December 20, 2021
(NEW YORK CITY)—The days of strolling into a rare and used local bookstore could become a thing of the past for New Yorkers. The locals on the Upper West Side of Manhattan came close when Westsider Rare & Used Books Inc., also known as Westsider Books, almost closed their doors for good back in January 2019.
The pressure of paying the rent was on because nobody was coming in. “We didn’t have any money to pay the rent,” Westsider Books owner Dorian Thornley said. Once the company announced their closing, Bobby Panza, a Westsider Books regular, came up with the idea of starting a $50,000 GoFundMe page in order to save the store, according to West Side Rag. The plan worked in the short term but the Upper West Side bookstore continues to face headwinds in the battle against online booksellers and digital readers and the competition for readers’ time.
Without rare and used bookstores like Westsider Books, the world comes a little closer to giving technology and online booksellers like Amazon the power to be the primary source of not just books, but everything.Some blamed the impending demise of Westsider Books on online competitors like Amazon and the prevalence of Kindles and smartphones which allow people to read without printed books. Others say it had to do with the fact that Americans weren’t reading as much as they used to.
The convenience of online shopping or the competitive prices online weren’t going to keep Westsiders’ loyal customers from patronizing their neighborhood store. They took action as soon as the news broke. “In response, loyal customers flooded the shop with orders, and someone organized a crowdfunding campaign that has raised more than $50,000,” wrote The Guardian.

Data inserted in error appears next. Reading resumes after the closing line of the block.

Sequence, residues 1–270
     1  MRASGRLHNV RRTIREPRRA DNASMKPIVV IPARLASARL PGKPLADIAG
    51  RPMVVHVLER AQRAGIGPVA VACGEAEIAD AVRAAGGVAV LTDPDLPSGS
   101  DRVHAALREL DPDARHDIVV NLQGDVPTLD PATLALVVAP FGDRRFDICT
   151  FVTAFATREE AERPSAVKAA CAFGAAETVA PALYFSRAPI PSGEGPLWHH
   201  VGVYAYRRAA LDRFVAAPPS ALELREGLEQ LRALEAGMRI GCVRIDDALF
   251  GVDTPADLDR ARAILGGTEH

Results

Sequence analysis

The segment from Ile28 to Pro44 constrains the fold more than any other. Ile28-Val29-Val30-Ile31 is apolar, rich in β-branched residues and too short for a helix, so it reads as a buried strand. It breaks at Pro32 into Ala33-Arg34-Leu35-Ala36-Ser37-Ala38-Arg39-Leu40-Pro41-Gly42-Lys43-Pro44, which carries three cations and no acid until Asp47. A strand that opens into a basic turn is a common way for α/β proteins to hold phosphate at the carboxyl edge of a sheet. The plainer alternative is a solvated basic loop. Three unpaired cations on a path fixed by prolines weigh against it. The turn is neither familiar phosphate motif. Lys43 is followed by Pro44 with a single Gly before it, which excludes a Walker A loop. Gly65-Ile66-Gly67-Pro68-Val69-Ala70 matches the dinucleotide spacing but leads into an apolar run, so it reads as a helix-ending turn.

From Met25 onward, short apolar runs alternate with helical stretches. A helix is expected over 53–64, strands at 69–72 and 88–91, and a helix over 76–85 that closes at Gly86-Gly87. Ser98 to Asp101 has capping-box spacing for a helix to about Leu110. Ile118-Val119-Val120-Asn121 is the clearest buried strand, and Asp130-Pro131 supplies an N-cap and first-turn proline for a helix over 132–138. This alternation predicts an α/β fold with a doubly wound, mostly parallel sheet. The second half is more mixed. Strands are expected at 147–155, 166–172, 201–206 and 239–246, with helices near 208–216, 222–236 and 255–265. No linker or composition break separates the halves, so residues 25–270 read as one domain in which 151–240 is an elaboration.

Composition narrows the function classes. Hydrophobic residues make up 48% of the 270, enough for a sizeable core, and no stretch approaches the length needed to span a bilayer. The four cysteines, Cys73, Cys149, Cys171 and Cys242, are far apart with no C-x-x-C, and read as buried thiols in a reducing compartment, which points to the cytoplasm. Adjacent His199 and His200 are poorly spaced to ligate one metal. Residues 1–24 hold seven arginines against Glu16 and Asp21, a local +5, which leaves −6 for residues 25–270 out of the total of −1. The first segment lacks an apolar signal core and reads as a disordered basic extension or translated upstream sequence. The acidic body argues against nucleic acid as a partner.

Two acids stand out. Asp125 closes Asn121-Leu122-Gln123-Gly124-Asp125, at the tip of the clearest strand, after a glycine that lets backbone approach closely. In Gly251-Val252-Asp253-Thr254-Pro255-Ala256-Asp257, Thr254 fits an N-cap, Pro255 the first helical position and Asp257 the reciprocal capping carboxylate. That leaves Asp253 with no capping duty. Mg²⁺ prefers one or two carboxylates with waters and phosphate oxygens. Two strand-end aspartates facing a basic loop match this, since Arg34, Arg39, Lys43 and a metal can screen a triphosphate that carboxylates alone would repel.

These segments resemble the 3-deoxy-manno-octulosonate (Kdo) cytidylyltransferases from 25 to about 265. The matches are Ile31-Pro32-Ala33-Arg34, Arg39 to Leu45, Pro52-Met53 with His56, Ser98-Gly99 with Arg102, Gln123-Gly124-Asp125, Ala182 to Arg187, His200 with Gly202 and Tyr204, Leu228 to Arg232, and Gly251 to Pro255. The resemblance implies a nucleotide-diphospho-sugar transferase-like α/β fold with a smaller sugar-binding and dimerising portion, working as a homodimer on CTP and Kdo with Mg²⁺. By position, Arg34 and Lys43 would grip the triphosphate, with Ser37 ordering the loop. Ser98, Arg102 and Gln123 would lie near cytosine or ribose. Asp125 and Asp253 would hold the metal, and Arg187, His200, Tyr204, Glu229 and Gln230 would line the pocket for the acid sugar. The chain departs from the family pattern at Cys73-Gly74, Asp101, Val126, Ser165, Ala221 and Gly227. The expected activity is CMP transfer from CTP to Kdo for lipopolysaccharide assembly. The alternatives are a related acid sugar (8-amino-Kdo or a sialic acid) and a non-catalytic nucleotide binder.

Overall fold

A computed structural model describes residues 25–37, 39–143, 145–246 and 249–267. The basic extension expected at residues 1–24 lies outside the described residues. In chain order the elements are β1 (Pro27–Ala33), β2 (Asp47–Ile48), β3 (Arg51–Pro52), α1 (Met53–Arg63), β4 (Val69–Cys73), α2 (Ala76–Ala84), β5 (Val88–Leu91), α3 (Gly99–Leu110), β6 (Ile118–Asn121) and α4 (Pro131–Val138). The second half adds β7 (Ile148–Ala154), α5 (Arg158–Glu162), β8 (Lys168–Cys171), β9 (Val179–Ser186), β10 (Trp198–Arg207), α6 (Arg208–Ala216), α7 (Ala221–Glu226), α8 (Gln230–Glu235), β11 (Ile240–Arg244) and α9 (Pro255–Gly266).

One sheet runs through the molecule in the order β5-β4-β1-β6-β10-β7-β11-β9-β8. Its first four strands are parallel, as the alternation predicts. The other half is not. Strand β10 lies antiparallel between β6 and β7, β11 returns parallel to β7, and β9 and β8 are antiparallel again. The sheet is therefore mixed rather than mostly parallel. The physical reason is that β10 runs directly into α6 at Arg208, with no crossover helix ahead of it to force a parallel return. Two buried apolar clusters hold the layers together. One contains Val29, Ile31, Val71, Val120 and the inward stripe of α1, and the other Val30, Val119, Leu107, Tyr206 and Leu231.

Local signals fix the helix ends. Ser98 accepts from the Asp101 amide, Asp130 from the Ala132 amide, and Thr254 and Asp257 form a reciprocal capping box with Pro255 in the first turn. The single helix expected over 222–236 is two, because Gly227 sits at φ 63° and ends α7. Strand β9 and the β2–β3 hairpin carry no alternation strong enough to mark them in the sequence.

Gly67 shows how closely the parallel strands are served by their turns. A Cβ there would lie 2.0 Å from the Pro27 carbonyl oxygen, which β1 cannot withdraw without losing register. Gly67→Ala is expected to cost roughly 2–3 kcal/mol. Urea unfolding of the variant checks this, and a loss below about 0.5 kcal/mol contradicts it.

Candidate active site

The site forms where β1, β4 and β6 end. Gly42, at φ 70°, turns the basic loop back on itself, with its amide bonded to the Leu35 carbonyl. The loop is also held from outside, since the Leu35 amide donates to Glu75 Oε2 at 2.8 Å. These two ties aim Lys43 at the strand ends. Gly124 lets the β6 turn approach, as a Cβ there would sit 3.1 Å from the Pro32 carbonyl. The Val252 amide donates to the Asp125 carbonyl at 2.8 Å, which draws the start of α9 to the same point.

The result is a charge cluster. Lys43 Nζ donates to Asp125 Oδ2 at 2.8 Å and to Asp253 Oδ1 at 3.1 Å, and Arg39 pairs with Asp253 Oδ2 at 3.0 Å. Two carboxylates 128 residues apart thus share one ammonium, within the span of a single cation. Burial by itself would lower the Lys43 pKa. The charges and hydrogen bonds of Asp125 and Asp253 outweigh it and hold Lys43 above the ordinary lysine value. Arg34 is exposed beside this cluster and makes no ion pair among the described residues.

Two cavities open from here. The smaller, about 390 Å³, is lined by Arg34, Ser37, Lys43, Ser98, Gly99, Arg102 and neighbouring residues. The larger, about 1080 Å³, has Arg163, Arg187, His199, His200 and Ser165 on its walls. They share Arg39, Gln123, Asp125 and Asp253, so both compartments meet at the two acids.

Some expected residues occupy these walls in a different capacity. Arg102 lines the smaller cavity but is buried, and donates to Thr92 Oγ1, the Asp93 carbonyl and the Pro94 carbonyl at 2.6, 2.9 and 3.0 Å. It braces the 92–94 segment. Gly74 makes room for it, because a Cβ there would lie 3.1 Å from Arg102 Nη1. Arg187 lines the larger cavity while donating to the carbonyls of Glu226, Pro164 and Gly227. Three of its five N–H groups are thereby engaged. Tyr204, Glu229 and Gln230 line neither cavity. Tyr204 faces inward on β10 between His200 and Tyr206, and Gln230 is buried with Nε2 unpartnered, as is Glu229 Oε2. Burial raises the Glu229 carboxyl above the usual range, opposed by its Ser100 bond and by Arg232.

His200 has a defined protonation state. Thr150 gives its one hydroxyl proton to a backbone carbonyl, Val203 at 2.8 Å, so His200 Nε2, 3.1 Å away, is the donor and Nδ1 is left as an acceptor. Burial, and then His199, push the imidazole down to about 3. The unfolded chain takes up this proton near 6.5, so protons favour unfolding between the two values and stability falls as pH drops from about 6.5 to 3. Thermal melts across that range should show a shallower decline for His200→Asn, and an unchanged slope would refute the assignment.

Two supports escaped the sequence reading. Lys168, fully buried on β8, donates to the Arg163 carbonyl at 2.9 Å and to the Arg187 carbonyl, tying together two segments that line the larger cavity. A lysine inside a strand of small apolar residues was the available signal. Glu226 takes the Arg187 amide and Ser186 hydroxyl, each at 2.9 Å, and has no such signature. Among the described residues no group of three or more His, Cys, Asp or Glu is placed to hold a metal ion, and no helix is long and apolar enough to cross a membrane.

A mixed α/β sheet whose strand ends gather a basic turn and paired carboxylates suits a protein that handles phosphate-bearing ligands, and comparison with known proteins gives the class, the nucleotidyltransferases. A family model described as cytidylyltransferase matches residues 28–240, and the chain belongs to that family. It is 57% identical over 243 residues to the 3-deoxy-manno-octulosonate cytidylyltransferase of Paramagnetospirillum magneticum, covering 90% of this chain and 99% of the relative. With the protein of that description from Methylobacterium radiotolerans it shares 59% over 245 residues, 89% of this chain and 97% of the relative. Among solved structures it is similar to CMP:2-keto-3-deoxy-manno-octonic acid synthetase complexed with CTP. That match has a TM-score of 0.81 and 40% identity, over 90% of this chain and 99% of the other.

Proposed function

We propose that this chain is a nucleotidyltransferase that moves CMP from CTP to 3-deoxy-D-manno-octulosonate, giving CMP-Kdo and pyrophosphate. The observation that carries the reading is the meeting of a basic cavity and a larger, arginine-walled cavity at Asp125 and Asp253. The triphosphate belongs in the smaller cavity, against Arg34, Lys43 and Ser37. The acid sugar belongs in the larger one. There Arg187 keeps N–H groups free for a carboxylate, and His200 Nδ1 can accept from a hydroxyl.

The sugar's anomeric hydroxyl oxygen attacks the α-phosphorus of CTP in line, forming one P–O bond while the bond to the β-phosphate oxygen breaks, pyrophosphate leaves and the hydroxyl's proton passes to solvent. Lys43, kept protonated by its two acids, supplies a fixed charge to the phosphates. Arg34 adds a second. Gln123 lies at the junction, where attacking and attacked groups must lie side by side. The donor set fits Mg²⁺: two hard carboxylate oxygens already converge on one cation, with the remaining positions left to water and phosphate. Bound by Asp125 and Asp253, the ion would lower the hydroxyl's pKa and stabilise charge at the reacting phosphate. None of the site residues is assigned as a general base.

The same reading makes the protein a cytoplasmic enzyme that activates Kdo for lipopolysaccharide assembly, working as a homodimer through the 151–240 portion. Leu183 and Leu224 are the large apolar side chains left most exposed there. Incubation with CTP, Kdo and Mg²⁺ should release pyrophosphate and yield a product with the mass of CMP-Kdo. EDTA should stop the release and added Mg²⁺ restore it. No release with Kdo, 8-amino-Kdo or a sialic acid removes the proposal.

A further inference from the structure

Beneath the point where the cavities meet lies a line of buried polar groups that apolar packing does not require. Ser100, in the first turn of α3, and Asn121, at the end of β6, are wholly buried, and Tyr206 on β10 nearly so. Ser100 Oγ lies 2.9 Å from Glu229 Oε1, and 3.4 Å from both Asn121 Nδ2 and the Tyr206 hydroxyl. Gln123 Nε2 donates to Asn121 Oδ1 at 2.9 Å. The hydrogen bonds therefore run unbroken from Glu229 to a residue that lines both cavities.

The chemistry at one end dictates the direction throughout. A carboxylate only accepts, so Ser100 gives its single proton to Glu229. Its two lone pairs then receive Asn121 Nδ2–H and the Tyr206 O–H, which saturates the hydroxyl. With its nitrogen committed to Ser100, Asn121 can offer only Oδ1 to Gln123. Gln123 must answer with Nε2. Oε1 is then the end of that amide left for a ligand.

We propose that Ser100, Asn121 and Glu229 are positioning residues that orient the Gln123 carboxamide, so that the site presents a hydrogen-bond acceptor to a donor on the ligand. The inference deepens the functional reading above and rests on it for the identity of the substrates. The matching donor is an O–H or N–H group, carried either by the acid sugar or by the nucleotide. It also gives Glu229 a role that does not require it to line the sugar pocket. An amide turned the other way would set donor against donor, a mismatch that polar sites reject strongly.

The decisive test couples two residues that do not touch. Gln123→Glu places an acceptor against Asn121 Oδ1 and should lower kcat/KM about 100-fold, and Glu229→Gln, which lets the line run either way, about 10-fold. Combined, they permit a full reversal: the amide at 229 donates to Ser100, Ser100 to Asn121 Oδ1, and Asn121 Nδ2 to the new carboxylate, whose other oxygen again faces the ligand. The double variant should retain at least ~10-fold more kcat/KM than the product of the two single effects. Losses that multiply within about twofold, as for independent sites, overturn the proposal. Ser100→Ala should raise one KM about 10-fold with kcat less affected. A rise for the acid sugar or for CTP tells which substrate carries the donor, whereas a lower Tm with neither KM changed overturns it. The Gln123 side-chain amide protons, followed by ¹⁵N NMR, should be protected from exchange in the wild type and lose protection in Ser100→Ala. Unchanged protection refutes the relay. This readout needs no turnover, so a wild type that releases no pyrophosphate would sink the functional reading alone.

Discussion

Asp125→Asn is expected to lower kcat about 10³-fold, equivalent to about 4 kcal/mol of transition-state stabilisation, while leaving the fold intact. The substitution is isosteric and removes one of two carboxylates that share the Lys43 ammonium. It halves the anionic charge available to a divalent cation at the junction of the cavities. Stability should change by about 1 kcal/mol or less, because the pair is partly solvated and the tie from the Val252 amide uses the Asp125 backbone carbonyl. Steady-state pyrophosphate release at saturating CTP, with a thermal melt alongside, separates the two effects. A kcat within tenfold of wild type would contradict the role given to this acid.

Panza, the mastermind behind “Save Westsider Rare & Used Books, Please” GoFundMe page told The Click how he got the idea.
“…[The store] was getting a lot of coverage [about the closing] and I was depressed…and kept reading everything about it,” Panza said. “Then on January 15 the West Side Rag…wrote about it and in the story, the interviewer asked the owner something nobody else did.”
Thornley was asked if there was anything that could keep the store from being closed. Then “…Thornley made an off-the-cuff remark that $50,000 would save it, but he didn’t think anyone would do it. I made the GoFundMe that very night, ” Panza explained.
Thornley was overwhelmed by the response. “It was amazing. It was really surprising and incredible, it made me feel good,” he said.Facing Closure
It was the end to a stressful few months for the store. In Jan. 2019, Thornley announced that he was closing the doors to Westsider Books.
“The store is selling everything for 30% off starting on Tuesday. ‘Thanks so much to all our loyal customers!’ the store said on its website,” The West Side Rag reported.
The story prompted a deep sense of loss from loyal customers. Commenter RobRoy wrote, “I was a customer at the original location in the ’80s off of Broadway and then became an employee at the current location (when it was Gryphon)…This closing is very sad but not a surprise.”
User Edith wrote, “This is really heartbreaking. Nothing else to say.”
Another user expressed what they thought the issue was, “With everyone buying e-books in their own homes, we lose the chance to gather around books and discuss them.”